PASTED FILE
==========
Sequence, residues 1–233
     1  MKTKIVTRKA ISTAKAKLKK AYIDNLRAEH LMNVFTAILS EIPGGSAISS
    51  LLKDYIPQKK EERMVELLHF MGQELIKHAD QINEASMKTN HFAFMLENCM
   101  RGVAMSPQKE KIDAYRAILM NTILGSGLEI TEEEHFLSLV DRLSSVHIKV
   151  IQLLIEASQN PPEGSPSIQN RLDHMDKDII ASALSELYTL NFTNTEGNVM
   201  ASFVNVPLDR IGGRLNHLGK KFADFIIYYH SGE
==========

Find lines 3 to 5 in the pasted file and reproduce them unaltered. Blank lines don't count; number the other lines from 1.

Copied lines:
    51  LLKDYIPQKK EERMVELLHF MGQELIKHAD QINEASMKTN HFAFMLENCM
   101  RGVAMSPQKE KIDAYRAILM NTILGSGLEI TEEEHFLSLV DRLSSVHIKV
   151  IQLLIEASQN PPEGSPSIQN RLDHMDKDII ASALSELYTL NFTNTEGNVM